Zhong Zhiwei, PhD student, Graduate Institute of Taiwan Literature, National Taiwan University
Written by Zeng Xiba and directed by Zhang Zhongyi, Marriage was adapted from a 1967 Qideng Sheng short story of the same name. The TV production starred Ke Shuyuan and Zhang Fengshu as male and female protagonists Luo Yunlang and Zeng Meixia, respectively. The story opens with a wedding procession, accompanied by a strangely gloomy music, the celebrants’ expressions downcast and dispirited, paradoxes that hint at the tale’s tragic nature.
Thus, viewers understand that the wedding is actually a posthumous, or “ghost marriage,” 1 the black umbrella the matchmaker holds hinting that Zeng Meixia was bearing Luo Yunlang’s child at the time of her death – it was Meixia’s pregnancy that brought her relationship with Yunlang to light. Luo Yunlang and Zeng Meixia were in love and wanted to marry, but owing to class differences, their mothers adamantly opposed to the union, resulting in a series of romantic setbacks for the young lovers. Although they do their best to overcome difficulties, the story ends tragically: Zeng Meixia’s mother accuses Luo of seducing her daughter, and Luo’s mother promises – on her knees, begging for forgiveness – that her son will never again set eyes on Meixia if the girl’s mother retracts the charge. Lovesick, Meixia bursts into a dance party held in the Farmer’s Association, where Luo Yunlang is employed; there, in front of Luo and startled onlookers, she swallows pesticide, killing herself.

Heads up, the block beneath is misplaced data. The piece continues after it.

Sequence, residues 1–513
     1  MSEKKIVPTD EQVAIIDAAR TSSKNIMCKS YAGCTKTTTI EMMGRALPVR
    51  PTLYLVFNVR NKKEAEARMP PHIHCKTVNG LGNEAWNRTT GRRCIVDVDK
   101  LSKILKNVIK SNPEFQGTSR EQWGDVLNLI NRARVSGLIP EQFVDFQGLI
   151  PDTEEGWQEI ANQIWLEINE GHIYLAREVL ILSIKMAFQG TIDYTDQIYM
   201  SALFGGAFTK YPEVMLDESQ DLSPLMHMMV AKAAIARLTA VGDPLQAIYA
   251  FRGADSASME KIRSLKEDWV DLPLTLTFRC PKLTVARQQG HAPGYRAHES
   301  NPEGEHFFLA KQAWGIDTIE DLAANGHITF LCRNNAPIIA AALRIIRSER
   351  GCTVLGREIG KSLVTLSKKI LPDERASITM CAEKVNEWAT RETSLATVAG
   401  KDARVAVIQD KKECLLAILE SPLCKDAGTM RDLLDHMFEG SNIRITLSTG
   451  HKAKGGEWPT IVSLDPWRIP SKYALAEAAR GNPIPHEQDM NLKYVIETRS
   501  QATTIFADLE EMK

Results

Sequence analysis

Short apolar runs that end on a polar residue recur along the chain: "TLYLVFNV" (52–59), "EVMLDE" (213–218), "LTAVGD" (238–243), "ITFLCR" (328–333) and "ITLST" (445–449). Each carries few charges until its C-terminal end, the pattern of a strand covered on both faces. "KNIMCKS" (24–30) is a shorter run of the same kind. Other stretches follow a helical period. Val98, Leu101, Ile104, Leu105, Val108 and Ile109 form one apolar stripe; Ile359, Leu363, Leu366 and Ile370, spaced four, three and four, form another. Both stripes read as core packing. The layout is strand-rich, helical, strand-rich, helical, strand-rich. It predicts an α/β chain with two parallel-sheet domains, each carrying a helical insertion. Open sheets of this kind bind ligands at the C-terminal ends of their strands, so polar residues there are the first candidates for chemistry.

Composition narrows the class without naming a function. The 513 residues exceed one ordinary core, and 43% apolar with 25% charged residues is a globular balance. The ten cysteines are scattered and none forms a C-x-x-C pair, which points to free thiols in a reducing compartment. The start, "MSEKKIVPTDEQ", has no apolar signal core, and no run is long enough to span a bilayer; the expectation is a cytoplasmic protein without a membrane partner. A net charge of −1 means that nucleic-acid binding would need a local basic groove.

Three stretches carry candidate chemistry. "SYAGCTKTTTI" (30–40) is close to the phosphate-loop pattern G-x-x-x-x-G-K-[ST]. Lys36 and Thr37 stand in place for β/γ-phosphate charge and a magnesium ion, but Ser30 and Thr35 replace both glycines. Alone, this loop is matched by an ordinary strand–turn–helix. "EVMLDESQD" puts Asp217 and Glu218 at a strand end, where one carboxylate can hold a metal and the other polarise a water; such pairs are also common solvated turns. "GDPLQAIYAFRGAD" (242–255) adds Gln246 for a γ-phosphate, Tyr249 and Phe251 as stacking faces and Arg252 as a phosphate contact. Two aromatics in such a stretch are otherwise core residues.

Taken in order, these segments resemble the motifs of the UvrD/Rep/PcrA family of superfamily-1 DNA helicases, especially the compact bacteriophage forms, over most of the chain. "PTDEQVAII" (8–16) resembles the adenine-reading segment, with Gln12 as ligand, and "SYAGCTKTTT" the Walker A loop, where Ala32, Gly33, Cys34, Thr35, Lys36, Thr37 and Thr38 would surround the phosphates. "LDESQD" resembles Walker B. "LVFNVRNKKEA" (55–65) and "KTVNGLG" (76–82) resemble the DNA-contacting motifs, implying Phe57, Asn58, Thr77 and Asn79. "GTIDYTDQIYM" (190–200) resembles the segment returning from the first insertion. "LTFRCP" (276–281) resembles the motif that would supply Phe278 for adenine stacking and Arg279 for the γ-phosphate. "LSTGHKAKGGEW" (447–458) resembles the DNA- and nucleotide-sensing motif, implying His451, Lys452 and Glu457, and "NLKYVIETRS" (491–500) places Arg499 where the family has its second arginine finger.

Marriage is part of the “Taiwan Writers’ Playhouse” series. Sponsored by the General Association of the Republic of China, the film project focuses on portraying Taiwanese situations and settings. The TV adaptation adds depth to the short story’s analysis of a woman’s inner struggles, bringing the small town environment to life – multistory houses, Chinese apothecaries, women’s traditional bedrooms, and village sights and sounds all add depth to the tale conflict between “free love” – the liberty to choose one’s own romantic partner – and arranged marriage in a conservative Taiwanese village.
The TV production brings a linguistic element to the story as well. When Luo Yunlang and Zeng Meixia are together they speak to each other in Mandarin, the “modern” language. But when conversing with parents and elders, they use “traditional” Taiwanese (Holo). Both languages belong to the self; therefore, is the self “traditional” or “modern?” Does one live for one’s self or for one’s family? These are the big questions Zeng Meixia’s suicide asks viewers to ponder.
TV Serial Marriage Video Clip (Source: Formosa Television Inc.)